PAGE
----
While I’m tempted to get into the Biblical implications of this topic I think I’ll just stick to softball. Ha ha. But, I’m not sure there is a more accurate phrase to describe this subject.
I got the idea for this topic in reading my fellow Softball Magazine columnist Ken Krause’s story a couple months ago. He spoke glowingly about me (thank you Ken!) and offered advice hitters, while helping them face people like me and those that I try to coach. While nobody can ever fault anyone for wanting to improve, I will take a stance against Ken’s opinion that the hitters need more advice and helpful hints! So, stop it Ken!
I’m not sure people realize how much the came has changed from its initial creation. Some feel these changes are for the better and greater good of the game. Others, like me, are purists and wish the game would go back to the 1-0 pitchers’ duels. I know, I know, I’m very biased about that because I’m a pitcher. But, this is my entire point; fastpitch is supposed to be a pitcher’s game!
There is an old saying that says; fastpitch is a game where a hitter can fail 7 out of 10 times and still be an all-star. Hitting .300 was considered outstanding. Today, it’s about average.
Evolution has crept into the game in almost every way except one; the rule are still quite restricting for the pitchers. Inherently, almost every internet message board/forum I’ve seen lately has several threads on “crow hopping” or pitchers that leap. Many of these people don’t understand the difference between leaping and crow hopping but, I’ll leave that topic for another day. The point is, while the game has expounded in all areas, pitching is the one thing people want to hold back.
Here’s a rhetorical question for those who played the game of fastpitch, male or female: can you remember when there was no such thing as a $300 bat? Or, take it one step further: can you remember when there was wooden bats in the game? But today, we actually have a “banned bat list”. This means the bats are too good! They are designed to hit the ball further and harder than ever before. This is part of the gameâ€™s evolution.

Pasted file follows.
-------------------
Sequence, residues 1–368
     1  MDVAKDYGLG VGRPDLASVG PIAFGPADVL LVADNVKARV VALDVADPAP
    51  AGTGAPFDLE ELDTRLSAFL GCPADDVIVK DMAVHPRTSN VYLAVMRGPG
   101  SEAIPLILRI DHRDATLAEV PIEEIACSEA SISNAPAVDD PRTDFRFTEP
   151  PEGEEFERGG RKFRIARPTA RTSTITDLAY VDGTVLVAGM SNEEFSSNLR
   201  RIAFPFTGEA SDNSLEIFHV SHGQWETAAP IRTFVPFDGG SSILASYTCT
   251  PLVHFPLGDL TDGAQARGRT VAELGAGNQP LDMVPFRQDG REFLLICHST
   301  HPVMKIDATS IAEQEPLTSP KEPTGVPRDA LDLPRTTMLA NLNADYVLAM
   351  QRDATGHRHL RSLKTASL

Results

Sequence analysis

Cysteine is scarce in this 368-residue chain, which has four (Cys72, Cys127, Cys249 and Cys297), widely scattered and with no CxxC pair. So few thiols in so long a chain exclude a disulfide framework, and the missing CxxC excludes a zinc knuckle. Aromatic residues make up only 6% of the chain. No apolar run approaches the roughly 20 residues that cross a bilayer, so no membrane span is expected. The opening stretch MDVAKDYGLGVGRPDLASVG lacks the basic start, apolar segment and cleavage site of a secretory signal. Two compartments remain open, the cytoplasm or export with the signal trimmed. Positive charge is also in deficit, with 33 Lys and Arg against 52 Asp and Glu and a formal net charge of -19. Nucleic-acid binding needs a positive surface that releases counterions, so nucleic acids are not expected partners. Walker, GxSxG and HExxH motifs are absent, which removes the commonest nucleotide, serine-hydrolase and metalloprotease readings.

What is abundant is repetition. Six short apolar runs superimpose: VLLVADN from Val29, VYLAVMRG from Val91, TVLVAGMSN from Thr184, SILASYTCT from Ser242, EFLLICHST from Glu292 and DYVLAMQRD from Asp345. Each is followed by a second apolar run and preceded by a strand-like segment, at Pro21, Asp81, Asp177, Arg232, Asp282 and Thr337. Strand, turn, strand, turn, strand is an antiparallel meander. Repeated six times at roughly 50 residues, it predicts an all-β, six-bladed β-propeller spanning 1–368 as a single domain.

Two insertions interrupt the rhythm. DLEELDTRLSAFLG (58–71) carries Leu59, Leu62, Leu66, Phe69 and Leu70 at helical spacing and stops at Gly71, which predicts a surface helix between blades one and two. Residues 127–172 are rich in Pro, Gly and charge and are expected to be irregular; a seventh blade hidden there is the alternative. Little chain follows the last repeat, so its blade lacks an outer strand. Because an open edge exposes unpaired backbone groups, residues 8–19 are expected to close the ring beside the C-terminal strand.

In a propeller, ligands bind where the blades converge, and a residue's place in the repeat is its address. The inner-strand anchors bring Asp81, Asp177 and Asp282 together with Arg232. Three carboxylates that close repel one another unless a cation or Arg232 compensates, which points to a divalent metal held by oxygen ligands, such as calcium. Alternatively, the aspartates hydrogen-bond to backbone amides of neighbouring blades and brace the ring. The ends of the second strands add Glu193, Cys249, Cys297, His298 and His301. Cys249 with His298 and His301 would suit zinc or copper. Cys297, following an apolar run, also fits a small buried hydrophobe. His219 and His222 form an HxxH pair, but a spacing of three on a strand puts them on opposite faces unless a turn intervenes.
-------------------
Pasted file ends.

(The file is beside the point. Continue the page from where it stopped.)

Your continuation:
Now, lets look at another change; the balls. Today’s balls are made with a .47 or more compression and a poly core center. It sounds like a virtual golf ball coming off those lethal weapon bats! Can anyone remember the last time one of their game balls became “dead” or softened up? How about when the balls used to go out of shape because they were made with a cork center and were restricted flight? I’m willing to bet that hasn’t happened in several years for most of us. The balls are made to last today. It’s part of the evolution.
Now, let’s take a look at the pitchers. It’s still required to keep both feet on the rubber when starting and the umpire is like an eagle eye on first base making sure the pitcher doesn’t use his/her legs too much and goes airborne or does a replant.
Somewhere along the way, this game has changed. People want to see more offense and less pitcher dominance. But, instead of playing a lower level of fastpitch, they choose to restrict those that want to pitch with the same evolution of the game as the batters have. After all, it’s not hard to trace back to how pitcher’s leaping got started: it was because of how quickly the technology allowed the hitters to catch up. Pop flies are now sailing over the fence with the bats and balls of today while 5 years ago, it was a routine out.